Heartstopper is a queer story that many young people have been waiting for. I grew up with representation that was either shrouded in subtext or marred by hurtful stereotypes that both didn’t understand the LGBTQ+ experience and actively wanted to despise it.
It was tough, but that image has started to change over the years with all kinds of movies, shows, books, and games seeking to tell queer stories that mean something, and better represent them while making the world a better place. place for those who for years have felt ostracized simply because they are who they are. Things are changing and I am honored to be at the forefront of this new era as I come to terms with my own identity.
Since its debut last month, we’ve seen Heartstopper take the world by storm. This heartfelt adaptation of Alice Oseman’s webcomic sought to expand on the source material while taking it to bold new places by providing its cast of characters – queer or not – with more depth, more nuance and more room. to shine as people we can all relate to. for. Nick Nelson and Charlie Spring’s blossoming relationship is an adorable pleasure to watch unfold, and we now have two more seasons to look forward to with news of the renewal from Netflix.
In a landscape largely curated by Netflix, we’ve seen queer shows like The Get Down, I Am Not Okay With This, GLOW, and several others being taken down long before they reached their full potential. Heartstopper feels like Netflix is finally giving queer stories a shot without dangling the threat of cancellation right in front of our noses. We often see shows centered around LGBTQ+ characters fighting to get their stories told, much like ND Stevenson did with She-Ra and the Princesses of Power a few years ago. He had to plant the seeds of the show’s central Sapphic relationship and continually convince those at the top that their love was necessary for the narrative to succeed, and without such a thing it would crumble.
We must constantly fight for representation that does justice to who we are, often pushing back against well-meaning cis creators in order to have authentic stories told by perspectives who know what it is to be gay, lesbian, bisexual , trans or any other identity under the queer umbrella. We still have a long way to go to achieve equality, but Heartstopper has set a new benchmark for what queer television is capable of when it’s unafraid to portray the undeniable joy that comes from embracing whoever you are and fall in love. In society, we’re so often pushed into hiding, but this adaptation turns the tables and explores the beauty of love and acceptance, no matter where you’re from, what you look like or whatever. one can think in response to your own happiness.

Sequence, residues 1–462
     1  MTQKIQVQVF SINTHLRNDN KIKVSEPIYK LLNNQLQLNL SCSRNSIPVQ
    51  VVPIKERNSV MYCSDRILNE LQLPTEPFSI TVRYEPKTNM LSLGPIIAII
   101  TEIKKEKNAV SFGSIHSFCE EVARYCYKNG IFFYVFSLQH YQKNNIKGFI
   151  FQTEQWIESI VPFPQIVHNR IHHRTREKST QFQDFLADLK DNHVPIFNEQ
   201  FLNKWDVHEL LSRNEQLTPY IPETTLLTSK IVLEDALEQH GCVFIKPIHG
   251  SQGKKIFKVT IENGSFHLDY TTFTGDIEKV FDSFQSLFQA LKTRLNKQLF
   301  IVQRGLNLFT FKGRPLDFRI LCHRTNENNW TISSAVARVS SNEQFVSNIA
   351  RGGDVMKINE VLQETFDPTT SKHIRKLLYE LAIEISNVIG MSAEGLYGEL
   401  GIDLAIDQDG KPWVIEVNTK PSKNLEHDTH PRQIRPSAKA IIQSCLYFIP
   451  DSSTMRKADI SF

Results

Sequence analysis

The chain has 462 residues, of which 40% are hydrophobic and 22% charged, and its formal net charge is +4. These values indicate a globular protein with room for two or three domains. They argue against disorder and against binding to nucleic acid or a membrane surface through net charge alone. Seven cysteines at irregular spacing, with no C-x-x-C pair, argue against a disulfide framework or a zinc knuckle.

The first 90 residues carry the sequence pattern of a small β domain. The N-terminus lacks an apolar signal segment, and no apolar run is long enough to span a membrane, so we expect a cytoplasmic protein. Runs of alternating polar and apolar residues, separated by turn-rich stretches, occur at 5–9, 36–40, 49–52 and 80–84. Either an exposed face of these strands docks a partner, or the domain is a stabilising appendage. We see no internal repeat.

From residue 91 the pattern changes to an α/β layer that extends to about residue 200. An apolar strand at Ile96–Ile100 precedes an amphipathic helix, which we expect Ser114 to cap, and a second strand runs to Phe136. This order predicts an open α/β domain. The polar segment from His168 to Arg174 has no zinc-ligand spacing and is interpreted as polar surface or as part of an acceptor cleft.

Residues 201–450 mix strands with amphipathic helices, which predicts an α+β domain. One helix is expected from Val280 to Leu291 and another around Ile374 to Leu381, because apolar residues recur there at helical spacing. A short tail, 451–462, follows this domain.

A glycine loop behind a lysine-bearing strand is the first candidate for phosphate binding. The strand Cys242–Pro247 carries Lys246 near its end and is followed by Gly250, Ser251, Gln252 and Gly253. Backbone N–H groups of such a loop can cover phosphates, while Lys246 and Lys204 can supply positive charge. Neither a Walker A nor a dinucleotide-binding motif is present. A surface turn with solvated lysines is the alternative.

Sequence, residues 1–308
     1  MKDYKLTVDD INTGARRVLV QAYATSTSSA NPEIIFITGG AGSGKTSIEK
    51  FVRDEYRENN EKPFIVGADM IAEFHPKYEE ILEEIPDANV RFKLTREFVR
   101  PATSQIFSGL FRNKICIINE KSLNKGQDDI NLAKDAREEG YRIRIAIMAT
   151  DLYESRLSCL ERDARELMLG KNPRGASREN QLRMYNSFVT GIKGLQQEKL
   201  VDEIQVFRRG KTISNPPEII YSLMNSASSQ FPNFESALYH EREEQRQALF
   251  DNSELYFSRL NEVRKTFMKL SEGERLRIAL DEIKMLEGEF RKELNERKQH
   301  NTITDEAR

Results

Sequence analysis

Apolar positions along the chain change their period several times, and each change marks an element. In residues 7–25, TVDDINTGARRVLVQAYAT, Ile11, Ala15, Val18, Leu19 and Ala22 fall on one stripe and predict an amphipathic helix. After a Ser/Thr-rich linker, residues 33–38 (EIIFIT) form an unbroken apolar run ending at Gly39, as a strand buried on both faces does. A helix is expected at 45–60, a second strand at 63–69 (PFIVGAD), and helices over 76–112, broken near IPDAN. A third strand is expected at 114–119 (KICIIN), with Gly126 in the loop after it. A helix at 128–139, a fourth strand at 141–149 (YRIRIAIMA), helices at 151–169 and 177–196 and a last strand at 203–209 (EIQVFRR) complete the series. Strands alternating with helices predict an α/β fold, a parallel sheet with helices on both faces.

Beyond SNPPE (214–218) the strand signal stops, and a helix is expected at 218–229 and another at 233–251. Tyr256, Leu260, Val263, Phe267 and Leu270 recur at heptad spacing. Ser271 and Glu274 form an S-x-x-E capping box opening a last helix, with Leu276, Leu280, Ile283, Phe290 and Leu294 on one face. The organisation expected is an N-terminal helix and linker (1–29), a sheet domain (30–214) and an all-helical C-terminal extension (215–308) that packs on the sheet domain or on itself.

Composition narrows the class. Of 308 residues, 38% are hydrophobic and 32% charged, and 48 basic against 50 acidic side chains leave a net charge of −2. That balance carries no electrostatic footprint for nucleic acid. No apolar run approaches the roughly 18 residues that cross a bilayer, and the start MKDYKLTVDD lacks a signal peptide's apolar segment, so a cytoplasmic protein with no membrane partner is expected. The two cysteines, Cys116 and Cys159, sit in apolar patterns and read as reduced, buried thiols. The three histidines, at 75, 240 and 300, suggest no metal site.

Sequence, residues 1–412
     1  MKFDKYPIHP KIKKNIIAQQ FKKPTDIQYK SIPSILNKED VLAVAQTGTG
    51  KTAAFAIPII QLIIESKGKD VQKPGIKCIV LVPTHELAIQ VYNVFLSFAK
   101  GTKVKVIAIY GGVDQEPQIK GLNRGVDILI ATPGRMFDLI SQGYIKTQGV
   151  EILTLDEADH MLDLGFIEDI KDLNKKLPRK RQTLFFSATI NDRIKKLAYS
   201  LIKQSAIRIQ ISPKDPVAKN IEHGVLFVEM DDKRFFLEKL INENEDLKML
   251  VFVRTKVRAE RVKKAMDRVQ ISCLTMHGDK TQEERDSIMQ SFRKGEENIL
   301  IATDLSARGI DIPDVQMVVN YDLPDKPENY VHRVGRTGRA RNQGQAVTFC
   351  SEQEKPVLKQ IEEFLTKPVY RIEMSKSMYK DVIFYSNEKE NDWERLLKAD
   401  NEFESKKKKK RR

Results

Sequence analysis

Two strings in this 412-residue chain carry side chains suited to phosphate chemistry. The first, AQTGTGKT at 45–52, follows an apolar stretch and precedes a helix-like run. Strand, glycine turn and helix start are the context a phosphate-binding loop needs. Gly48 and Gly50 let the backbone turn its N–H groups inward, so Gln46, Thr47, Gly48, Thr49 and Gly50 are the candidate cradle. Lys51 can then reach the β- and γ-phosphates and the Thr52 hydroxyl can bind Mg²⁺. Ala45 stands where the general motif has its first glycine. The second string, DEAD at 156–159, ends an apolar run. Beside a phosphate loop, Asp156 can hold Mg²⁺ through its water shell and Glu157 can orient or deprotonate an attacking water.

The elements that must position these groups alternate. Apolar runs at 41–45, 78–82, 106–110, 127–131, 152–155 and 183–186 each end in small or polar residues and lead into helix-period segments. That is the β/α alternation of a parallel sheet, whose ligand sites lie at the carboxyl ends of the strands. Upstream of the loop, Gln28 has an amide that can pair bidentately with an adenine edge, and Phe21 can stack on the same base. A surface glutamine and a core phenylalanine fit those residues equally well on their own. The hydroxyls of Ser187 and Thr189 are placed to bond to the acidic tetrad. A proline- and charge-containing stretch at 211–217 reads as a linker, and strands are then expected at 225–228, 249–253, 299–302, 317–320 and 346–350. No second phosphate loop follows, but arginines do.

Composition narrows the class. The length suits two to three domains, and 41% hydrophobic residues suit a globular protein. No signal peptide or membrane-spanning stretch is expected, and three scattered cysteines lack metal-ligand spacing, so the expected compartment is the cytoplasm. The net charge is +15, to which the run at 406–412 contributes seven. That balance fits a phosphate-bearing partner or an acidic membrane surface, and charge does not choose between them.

Two more seasons are on the horizon, which feels like a statement of intent from Netflix and a half-hearted apology for all the queer stories it’s left behind in the past. One could argue that Heartstopper is a more marketable, sweet representation of gay romance that can appeal to all sorts of audiences, but a commitment to several more episodes to explore Oseman’s ongoing narrative gives me the confidence to say that this story isn’t going to change who it wants to be in order to expand its audience, or abandon the relatable characters and gripping themes that helped it become such a success.
If you’re unfamiliar with the source material, Heartstopper’s first season ends at the end of the webcomic’s second published volume. There are currently four available right now, with the comic continuing to be updated online with new pages regularly. Charlie and Nick’s story is far from over, while shorter novels and other books by Alice Oseman offer glimpses of their future, or entirely different stories told from the perspective of other characters. of the universe. It’s like the MCU if everyone was fruity.
We have yet to explore Nick’s family and the hidden biases within it, or delve deeply into Charlie’s anorexia and ongoing struggles with mental illness. There’s also the school trip, Tao’s developing romance with Elle, and so many other little events the show has yet to address. It planted the seeds, perhaps even more so than webcomics when creating such character arcs, which means we’ll absolutely see them fleshed out in future seasons. I’m also curious if the Netflix show will end up moving beyond the current canon narrative, pulling a Fullmetal Alchemist and creating its own universe away from webcomics with new moments and characters we’ve never seen before. .
Given how involved Alice Oseman is in the production itself and the writing of the series, I have no objection to Heartstopper going beyond its source material and becoming something entirely unique. The casting is perfect, the atmosphere is electric and the first season has already shown so much potential that remains to be exploited. I’m so glad Netflix isn’t turning away from a queer experience like this that millions of people have already fallen in love with, especially since in the past it’s pushed aside various stories while trying to justify his existence as a progressive. ally. Heartstopper single-handedly changes that perception, and I hope his victories continue for years to come.
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